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admiral afterwards ancient answer appears appointed became bishop born called celebrated century character church collection concerning considerable containing continued court death died divine earl edition employed England English entered entitled excellent father formed four France French gave give given Greek Hist honour Italy James John kind king knowledge known language late Latin learned letter lived London lord manner March master means mentioned nature Nelson never observed obtained occasion opinion originally Oxford Paris particularly person pieces present principal printed professor published received relating religion respect Rome royal says seems sent society soon success things thought tion took translated treatise vols volume whole writings written wrote
Page 40 - There is a spirit which I feel that delights to do no evil, nor to revenge any wrong, but delights to endure all things, in hope to enjoy its own in the end. Its hope is to outlive all wrath and contention, and to weary out all exaltation and cruelty, or whatever is of a nature contrary to itself. It sees to the end of all temptations. As it bears no evil in itself, so it conceives none in thoughts to any other.
Page 241 - ... knowledge; of a versatile understanding fitted for every sort of business; of infinite wit and pleasantry; of a delightful temper; and with a mind most perfectly disinterested. But it would be only to degrade myself by a weak adulation, and not to honour the memory of a great man, to deny that he wanted something of the vigilance and spirit of command, that the time required.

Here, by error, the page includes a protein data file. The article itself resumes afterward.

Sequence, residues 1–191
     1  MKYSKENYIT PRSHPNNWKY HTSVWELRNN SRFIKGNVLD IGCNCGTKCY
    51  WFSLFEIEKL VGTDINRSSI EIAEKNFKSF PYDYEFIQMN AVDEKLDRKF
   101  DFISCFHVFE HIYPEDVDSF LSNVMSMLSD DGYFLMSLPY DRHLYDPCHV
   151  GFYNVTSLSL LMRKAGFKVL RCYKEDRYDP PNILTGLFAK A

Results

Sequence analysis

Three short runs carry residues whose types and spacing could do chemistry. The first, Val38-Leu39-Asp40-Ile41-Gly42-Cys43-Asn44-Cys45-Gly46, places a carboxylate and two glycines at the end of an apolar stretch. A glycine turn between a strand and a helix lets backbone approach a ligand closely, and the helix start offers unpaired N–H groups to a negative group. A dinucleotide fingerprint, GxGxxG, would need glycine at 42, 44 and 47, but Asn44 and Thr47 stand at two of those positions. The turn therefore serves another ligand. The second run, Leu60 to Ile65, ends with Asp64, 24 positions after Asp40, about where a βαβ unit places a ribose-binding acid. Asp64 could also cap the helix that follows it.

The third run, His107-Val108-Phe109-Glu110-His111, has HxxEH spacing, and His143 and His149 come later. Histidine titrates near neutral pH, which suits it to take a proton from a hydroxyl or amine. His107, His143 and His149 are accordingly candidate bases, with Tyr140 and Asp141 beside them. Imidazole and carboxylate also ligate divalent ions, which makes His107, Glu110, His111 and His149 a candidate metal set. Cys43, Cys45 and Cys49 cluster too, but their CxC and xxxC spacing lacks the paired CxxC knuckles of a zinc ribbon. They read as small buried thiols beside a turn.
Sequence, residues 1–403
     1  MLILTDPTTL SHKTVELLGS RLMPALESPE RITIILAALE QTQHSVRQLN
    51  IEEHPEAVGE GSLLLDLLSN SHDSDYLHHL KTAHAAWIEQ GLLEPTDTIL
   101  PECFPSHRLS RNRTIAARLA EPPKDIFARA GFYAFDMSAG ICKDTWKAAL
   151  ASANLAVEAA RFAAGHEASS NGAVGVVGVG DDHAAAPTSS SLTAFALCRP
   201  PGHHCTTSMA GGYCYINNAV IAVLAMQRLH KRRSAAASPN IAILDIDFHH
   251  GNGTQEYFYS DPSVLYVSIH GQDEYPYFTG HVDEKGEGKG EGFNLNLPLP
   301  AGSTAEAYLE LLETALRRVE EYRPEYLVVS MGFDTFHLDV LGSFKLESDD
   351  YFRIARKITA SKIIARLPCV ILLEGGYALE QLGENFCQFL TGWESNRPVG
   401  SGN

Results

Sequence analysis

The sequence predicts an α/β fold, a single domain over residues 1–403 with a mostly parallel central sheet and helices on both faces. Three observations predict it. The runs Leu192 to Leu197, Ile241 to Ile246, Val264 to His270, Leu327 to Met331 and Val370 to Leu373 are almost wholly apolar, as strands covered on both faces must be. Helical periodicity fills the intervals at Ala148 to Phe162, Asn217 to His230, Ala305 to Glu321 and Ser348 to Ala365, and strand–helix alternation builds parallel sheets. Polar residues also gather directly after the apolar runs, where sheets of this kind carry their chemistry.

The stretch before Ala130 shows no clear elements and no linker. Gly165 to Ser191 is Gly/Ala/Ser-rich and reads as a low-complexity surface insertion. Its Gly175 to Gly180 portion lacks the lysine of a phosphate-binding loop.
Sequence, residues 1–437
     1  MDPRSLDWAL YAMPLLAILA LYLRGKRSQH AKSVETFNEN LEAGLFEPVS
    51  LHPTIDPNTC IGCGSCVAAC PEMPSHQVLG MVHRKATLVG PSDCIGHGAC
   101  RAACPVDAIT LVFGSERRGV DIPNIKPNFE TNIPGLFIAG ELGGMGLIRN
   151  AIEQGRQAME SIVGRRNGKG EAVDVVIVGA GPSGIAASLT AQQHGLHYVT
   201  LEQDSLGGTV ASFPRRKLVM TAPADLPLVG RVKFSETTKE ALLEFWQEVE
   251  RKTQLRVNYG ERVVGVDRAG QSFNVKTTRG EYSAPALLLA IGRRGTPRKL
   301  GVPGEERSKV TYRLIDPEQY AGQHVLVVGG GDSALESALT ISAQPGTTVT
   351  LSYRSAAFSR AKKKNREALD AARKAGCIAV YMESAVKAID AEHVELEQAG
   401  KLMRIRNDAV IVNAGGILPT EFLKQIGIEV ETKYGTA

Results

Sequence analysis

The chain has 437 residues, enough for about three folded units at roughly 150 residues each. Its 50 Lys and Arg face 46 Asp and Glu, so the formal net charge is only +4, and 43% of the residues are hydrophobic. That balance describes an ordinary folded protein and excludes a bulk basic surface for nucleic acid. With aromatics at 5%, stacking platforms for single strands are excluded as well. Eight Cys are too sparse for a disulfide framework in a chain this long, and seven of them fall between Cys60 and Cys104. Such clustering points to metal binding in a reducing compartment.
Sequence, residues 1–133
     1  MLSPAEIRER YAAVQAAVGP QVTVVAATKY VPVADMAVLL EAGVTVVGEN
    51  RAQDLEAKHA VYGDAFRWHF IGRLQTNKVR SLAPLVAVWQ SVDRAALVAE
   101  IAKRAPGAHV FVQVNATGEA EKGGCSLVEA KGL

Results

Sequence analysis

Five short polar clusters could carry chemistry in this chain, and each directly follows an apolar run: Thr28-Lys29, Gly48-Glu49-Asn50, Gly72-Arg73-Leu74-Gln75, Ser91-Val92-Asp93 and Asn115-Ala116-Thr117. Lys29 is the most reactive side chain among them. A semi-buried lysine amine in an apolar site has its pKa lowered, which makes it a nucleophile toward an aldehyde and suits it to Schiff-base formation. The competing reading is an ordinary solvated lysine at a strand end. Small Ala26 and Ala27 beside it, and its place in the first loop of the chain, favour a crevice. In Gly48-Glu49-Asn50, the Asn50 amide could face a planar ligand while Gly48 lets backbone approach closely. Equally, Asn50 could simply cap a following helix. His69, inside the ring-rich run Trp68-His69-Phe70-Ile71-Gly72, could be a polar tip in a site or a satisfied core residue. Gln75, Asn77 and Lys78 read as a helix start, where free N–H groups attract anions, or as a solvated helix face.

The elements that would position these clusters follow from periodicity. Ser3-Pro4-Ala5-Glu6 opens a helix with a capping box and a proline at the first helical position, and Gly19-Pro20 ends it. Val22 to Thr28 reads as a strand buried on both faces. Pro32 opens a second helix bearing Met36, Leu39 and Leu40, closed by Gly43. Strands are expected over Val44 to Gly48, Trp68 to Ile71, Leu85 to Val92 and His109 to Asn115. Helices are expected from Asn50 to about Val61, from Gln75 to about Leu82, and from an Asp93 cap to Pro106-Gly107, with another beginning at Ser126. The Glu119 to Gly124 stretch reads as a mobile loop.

Page 65 - It will release me for ever from an ungrateful service, for it is my firm and unalterable determination never again to set my foot on board a king's ship. Immediately after my arrival in town I shall wait on the first lord of the admiralty, and resign my commission.
Page 40 - Its crown is meekness, its life is everlasting love unfeigned, and it takes its kingdom with entreaty, and not with contention, and keeps it by lowliness of mind. In God alone it can rejoice, though none else regard it, or can own its life. It is conceived in sorrow, and brought forth without any to pity it ; nor doth it murmur at grief and oppression. It never rejoiceth but through sufferings, for with the world's joy it is murdered.
Page 422 - Its whole power is upon the affections ; for it is not written with much comprehension of thought, or elegance of expression. But if the heart is interested, many other beauties may be wanting, yet not be missed.
Page 2 - True Copy of the Journal of the High Court of Justice for the Tryal of King Charles I. as it was read in the House of Commons, and attested under the hand of Phelps, Clerk to that infamous Court.
Page 424 - Jupiter:" and, to speak in the same heathen language, we call it the gift of our Apollo, not to be obtained by pains or study, if we are not bom to it : for the motions which are studied are never so natural as those which break out in the height of a real passion. Mr. Otway possessed this part as thoroughly as any of the ancients or moderns.
Page 81 - Redoubtable, supposing that she had struck, because her great guns were silent ; for, as she carried no flag, there was no means of instantly ascertaining the fact. From this ship which he had thus twice spared, he received his death. A ball fired from her...
Page 424 - Whereas Mr. Thomas Otway some time before his death, made four Acts of a Play, whoever can give notice in whose hands the copy lies, either to Mr. Thomas Betterton, or to Mr. William Smith, at the Theatre Royal, shall be well rewarded for his pains.
Page 125 - As described to me, it resembled pretty much our common clocks and clock cases, but less ; for it was not above four feet in height, and of a proportionable breadth. There was a dial-plate at top with figures of the hours. The index was turned by a piece of wood, which either fell or rose by water dropping.